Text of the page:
It’s rare to open the garage first thing in the morning and walk right into a sign that says, “It’s okay to leave the house today.” And yet there I was, face to face with this surprise rainbow. Perfect timing. I needed a rainbow this week.
As if I hadn’t already been drained from post-vacation catch-up duties at work, Tuesday morning I learned a longtime coworker passed away unexpectedly on Monday. He was 44 like me, a handful of months older, and dozens of pounds lighter. I’m told he didn’t look well on Friday but dismissed the notion of getting it checked out. He leaves behind one son, age 12, who’s now staying with grandparents (Mom is not in the picture) and I can’t begin to fathom what he’s going through at the moment.
Jon was soft-spoken, slow to anger, organized, particular, accommodating, and bend-over-backwards helpful whenever he saw a need. He bought me lunch on my first day at my current job fifteen years ago, and would be one of my trainers and peers throughout my Year One. Promotions and transfers moved us into separate but adjacent circles as time and careers went by, but his most recent position required him to pick my brain occasionally for bits of my accumulated workplace trivia, some of which he probably taught me in the first place.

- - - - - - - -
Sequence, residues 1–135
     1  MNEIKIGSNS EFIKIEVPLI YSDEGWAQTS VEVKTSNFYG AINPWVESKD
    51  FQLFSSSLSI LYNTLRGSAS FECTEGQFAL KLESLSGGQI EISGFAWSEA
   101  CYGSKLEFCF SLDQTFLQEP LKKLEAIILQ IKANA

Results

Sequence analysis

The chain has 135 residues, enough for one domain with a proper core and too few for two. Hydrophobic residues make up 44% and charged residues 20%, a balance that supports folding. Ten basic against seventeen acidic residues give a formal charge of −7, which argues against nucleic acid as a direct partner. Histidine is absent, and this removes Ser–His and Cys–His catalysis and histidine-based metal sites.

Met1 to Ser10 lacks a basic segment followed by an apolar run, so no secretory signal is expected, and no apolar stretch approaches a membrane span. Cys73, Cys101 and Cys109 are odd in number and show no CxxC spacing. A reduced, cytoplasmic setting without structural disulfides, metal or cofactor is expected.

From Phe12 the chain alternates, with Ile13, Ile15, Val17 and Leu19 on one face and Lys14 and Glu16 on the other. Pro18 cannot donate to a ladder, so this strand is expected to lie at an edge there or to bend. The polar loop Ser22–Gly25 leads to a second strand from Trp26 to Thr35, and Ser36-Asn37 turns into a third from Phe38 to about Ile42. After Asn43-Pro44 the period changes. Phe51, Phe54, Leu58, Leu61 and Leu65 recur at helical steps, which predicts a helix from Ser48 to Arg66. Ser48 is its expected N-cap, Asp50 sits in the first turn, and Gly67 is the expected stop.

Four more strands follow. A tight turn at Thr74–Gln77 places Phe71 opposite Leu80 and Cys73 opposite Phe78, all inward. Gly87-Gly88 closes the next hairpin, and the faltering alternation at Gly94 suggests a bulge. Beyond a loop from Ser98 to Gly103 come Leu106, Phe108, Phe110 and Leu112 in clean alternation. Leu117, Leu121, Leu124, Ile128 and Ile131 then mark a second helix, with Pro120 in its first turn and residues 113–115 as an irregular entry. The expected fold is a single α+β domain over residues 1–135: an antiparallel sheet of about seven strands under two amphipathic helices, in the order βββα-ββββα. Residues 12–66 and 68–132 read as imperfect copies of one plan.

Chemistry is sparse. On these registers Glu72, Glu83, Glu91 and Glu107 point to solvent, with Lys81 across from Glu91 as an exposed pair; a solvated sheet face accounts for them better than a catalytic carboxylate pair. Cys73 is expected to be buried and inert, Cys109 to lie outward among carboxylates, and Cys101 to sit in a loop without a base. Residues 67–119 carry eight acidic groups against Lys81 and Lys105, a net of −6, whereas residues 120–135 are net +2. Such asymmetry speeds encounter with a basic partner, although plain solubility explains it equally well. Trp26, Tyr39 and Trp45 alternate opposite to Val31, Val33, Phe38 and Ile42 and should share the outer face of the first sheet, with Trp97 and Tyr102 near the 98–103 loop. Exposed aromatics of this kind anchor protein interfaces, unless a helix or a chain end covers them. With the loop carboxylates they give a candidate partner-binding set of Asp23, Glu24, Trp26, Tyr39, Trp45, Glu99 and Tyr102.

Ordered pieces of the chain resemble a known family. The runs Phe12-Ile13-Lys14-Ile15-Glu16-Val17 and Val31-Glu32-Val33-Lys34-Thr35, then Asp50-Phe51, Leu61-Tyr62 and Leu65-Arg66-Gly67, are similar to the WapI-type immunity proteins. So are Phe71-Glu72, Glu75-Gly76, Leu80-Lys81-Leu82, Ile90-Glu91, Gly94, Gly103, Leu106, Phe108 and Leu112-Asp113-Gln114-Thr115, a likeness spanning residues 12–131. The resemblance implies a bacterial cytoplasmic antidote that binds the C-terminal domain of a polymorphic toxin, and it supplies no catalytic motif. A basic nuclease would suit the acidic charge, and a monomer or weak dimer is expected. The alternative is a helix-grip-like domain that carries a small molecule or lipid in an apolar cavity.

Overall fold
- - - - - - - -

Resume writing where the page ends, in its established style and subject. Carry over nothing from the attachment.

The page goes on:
After I got the news, I still had another 7½ hours left on my shift. Concentration and composure didn’t come easily. Denial helped. 44 is older than a lot of famous musicians managed, but barely half the age of, say, Garry Marshall. Some of us feel like he’s just on an unexpected vacation and we’ll see him next week. Services were announced today, but why make plans for it if he’s actually alive, right?
Between his passing, the internet’s increasingly frustrating junior-high atmosphere, and America’s slow-burn transformation into the largest barroom brawl of all time, I’ve spent the past two days in one of those hermitic mood swings that has me wanting to curl up inside a pillow-lined Lego bunker, turn off all my input streams, crawl into a rabbit hole inside my head, and hope at least one friend will someday tell me when it’s okay for me to come back out and play again. I can’t and won’t skip work for that, but in the present scene a lot of my reasons for writing feel like they’re boxed away and tossed in a mental closet for safekeeping.
But the rainbow went a long way this morning toward dispelling the darkness, if only for a moment. Rainbows are just happy and weird like that for me. I’ll go for years without seeing one, and then presto — I’m a smiling, eager kid all over again. This one shined a little light into the keyhole, trying to lure me outside. So maybe let’s try the closet door again tomorrow and see where the steps lead me next.